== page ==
AI & IP In Edge Computing For Faster 5G And The IoT


Edge computing, which is the concept of processing and analyzing data in servers closer to the applications they serve, is growing in popularity and opening new markets for established telecom providers, semiconductor startups, and new software ecosystems. It’s brilliant how technology has come together over the last several decades to enable this new space starting with Big Data and the idea... » read more

Changes In AI SoCs


Kurt Shuler, vice president of marketing at ArterisIP, talks about the tradeoffs in AI SoCs, which range from power and performance to flexibility, depending on whether processing elements are highly specific or more general, and the need for more modeling of both hardware and software together. » read more

Building AI SoCs


Ron Lowman, strategic marketing manager at Synopsys, looks at where AI is being used and how to develop chips when the algorithms are in a state of almost constant change. That includes what moves to the edge versus the data center, how algorithms are being compressed, and what techniques are being used to speed up these chips and reduce power. https://youtu.be/d32jtdFwpcE    ... » read more

Heterogeneous Cache Coherence Requires A Common Internal Protocol


Machine learning and artificial intelligence systems are driving the need for systems-on-chip containing tens or even hundreds of heterogeneous processing cores. As these systems expand in size and complexity, it becomes too difficult to manage data flow solely through software means. An approach that simplifies software while improving performance and power consumption is to implement hardware... » read more

Which Verification Engine?


Semiconductor Engineering sat down to discuss the state of verification with Jean-Marie Brunet, senior director of marketing for emulation at [getentity id="22017" e_name="Mentor, a Siemens Business"]; Frank Schirrmeister, senior group director for product management at [getentity id="22032" e_name="Cadence"]; Dave Kelf, vice president of marketing at [getentity id="22395" e_name="OneSpin Solut... » read more

Move Data Or Process In Place?


Should data move to available processors or should processors be placed close to memory? That is a question the academic community has been looking at for decades. Moving data is one of the most expensive and power-consuming tasks, and is often the limiter to system performance. Within a chip, Moore's Law has enabled designers to physically move memory closer to processing, and that has rema... » read more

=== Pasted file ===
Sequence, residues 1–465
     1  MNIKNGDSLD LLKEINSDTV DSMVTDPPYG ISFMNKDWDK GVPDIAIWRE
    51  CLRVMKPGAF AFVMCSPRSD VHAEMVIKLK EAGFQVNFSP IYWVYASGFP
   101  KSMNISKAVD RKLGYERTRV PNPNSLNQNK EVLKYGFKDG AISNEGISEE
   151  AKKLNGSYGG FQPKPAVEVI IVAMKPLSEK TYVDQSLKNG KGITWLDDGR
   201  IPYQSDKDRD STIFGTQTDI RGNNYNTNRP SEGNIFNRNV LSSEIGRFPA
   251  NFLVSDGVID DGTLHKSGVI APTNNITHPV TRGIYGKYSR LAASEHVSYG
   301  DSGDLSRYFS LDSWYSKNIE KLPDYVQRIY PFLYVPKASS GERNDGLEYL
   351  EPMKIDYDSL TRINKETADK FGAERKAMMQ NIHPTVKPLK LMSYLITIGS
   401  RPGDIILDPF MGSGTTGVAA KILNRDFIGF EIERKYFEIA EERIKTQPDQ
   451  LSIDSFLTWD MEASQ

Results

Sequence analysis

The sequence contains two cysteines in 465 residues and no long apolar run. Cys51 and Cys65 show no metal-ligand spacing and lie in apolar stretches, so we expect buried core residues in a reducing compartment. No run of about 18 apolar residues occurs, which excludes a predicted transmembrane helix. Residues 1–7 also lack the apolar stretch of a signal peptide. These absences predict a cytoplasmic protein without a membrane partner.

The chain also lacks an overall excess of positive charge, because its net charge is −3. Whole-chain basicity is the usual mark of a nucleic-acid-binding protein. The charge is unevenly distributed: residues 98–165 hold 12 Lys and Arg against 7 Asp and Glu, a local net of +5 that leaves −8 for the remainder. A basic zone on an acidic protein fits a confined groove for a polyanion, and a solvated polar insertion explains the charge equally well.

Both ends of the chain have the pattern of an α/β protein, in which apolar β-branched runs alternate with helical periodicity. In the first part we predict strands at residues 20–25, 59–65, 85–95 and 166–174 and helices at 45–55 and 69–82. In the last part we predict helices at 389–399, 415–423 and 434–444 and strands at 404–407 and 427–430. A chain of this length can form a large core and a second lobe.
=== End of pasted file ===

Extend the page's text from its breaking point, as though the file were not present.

CCIX – What And Why?


There are two significant issues with today’s I/O interconnects: high speed storage and networking applications need more bandwidth than currently available technologies provide, and co-processing/acceleration functions need cache coherency for faster access to memory in heterogeneous multi-processor systems. These requirements are driving the development of a new specification called Cache C... » read more

CCIX Enables Machine Learning


It takes a lot of technology to enable something like machine learning, and not all of it is as glamorous as neural network architectures and algorithms. Several levels below that is the actual hardware on which these run, and that brings us into the even less sexy world of interfaces. One such interface, the Cache Coherent Interconnect for Accelerators (CCIX), pronounced C6, aims to make th... » read more

Toward Better Accelerators


In the not-too-distant past, the standard mobile application processor architecture was the predominant one used for most System-on-Chip (SoC) designs, but that is rapidly changing as new systems and applications emerge in the post-mobile computing era. New requirements for autonomous driving are motivating technology innovations: Visual processing, deep neural networks and machine learning pla... » read more

Custom Hardware Thriving


In the early days of the IoT, predictions about the commoditization of hardware and the end of customized hardware were everywhere. Several years later, those predictions are being proven wrong. Off-the-shelf components have not replaced customized hardware, and software has not dictated all designs. In fact, in many cases the exact opposite has happened. And where software does play an elev... » read more

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